Yesterday I went to an event at GW on "Democracy Promotion in the Middle East." The three speakers, Steven Heydemann, Eva Bellin and Ellen Lust, have all been writing about the persistence of authoritarianism in the Middle East for years. And unfortunately, they focused mainly on that question as opposed to pivoting to the supposed topic of the day: how the US can help more effectively support democratic reform in the region.
Nonetheless, their talks reflect the importance of understanding what's happening in the region as a prerequisite for formulating effective policy. While they did not explicitly address democracy promotion, their analyses imply certain policies, some of which would be quite unorthodox.
For example, Heydemann emphasized that it's not just the opposition that learns how to better agitate for their rights, but regimes also learn how to better repress their citizens. He calls this "upgrading authoritarianism," in which regimes can become "stronger, more flexible, and more resilient" over time. Specifically in the past few months, the leaders of countries like Yemen and Syria have seen the way Ben Ali and Mubarak have been treated and learned that: 1) more violence is needed 2) if I step down, I might end up in jail or worse.
Based on Heydemann's anlaysis, democracy promotion policy should look closely at the strategic calculus of these leaders to learn how to best coax them to implement actual reforms, or when necessary, step down. This means ICC investigations of Qaddafi are counterproductive. Promises of immunity are untrustworthy. And safety in exile becomes paramount. Enhancing programs like the Mo Ibrahim Prize, which grants former African leaders a nice stipend for transferring power peacefully, would make sense. As unsavory as it sounds, offering President Saleh a mansion in the Hamptons might be more effective use of democracy promotion money than funding civil society programs.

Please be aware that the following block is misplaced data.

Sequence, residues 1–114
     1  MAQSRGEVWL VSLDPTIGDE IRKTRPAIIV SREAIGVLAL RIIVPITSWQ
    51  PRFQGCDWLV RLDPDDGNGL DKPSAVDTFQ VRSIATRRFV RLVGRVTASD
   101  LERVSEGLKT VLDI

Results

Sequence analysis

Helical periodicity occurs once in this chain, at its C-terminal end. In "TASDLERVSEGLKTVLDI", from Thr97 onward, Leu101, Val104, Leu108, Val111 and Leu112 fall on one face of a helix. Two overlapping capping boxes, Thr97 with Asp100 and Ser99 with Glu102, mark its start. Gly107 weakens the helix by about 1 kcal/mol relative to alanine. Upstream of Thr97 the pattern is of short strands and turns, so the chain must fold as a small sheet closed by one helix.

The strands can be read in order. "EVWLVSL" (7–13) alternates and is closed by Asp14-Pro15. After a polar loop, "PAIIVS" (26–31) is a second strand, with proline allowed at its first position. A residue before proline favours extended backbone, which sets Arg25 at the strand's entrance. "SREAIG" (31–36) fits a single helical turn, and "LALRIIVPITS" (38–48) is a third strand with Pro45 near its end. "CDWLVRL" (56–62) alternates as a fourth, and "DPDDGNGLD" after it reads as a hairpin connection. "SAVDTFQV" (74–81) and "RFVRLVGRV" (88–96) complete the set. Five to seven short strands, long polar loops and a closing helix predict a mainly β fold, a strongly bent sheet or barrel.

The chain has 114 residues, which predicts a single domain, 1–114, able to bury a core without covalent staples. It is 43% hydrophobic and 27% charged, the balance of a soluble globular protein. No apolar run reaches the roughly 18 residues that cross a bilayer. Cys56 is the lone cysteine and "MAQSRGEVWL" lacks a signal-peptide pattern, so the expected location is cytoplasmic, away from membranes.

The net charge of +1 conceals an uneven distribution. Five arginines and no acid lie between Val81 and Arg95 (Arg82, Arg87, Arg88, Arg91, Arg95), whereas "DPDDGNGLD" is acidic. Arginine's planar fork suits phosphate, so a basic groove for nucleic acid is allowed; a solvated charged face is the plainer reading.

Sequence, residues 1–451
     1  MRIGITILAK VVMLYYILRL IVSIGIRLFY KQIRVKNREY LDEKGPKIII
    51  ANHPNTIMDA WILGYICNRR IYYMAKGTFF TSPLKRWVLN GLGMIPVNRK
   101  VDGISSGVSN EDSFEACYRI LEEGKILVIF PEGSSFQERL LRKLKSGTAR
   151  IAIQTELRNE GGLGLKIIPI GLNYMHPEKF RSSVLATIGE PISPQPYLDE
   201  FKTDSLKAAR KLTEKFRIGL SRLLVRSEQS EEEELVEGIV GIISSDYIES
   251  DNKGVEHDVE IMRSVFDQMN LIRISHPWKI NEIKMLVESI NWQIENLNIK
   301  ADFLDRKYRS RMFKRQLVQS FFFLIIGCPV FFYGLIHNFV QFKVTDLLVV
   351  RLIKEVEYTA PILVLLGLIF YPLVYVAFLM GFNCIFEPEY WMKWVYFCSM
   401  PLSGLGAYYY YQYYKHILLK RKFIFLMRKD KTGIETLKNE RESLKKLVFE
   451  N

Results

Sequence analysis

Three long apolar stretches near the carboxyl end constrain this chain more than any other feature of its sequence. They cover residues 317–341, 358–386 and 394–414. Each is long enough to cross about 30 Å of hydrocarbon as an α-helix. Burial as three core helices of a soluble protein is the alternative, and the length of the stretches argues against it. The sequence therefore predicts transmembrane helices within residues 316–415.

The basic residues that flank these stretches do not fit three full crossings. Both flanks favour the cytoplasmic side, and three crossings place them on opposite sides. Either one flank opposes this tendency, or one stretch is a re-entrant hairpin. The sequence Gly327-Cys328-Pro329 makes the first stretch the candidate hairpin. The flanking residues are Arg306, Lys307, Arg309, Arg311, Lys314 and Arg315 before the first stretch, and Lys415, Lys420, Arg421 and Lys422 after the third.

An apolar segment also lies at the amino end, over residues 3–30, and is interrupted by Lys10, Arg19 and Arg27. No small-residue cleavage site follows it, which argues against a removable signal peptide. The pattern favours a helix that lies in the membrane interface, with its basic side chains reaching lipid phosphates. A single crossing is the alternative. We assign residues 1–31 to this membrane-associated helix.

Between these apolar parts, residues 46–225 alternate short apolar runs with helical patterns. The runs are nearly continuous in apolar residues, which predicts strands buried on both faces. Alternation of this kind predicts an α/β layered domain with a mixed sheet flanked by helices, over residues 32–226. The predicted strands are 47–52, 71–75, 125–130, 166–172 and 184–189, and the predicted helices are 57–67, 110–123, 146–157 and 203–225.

Eva Bellin focused her analysis on the decision of the security apparatus to repress its citizens. For Bellin, so long as the military is capable and willing of shooting civilians, authoritarian regimes will survive. She provided three variables to determine willingness to shoot: the size of the protests, the nature of the protests (peaceful or violent), and finally the professionalism of the military.
This analysis suggests that US assistance to foreign militaries could actually have a democratizing effect. While such assistance undoubtedly increases the capacity to repress, if it is executed in a manner that professionalizes the military (instills institutional pride, builds national identity, weakens patrimonial ties, etc), then the military will be less willing to sacrifice its self interests by shooting civilians in revolutionary moments. Coincidentally, we are working hard to professionalize militaries in Iraq, Afghanistan, Palestine and Lebanon. This policy prescription is quite counterintuitive, as military assistance is usually considered an example of propping up authoritarian regimes.
Finally, among other topics, Lust identified the importance of considering the variable of time. Combined with Heydemann and Bellin's emphasis on the robustness of authoritarianism, we should consider the difference between promoting democratic evolution versus democratic revolution. Currently, we hope that minor changes over time will accrue and eventually lead to democratic systems. But if authoritarian regimes are in fact so adaptive and coercive, then maybe only revolutions can bring democracy in the Middle East. In that case, why waste resources on policies designed for evolutionary change?
Now I'm not saying these policy prescriptions are what Heydemann, Bellin and Lust would prescribe. Nor am I saying I think they are correct. In fact, I think some are flat wrong, and they are wrong because they are based on flawed understandings of why the Middle East is undemocratic. But that just proves the more general point: we need to understand the region before we understand how to democratize that region. So even though this event largely ignored policy prescriptions, it still was quite useful in learning how we might formulate policy in the future.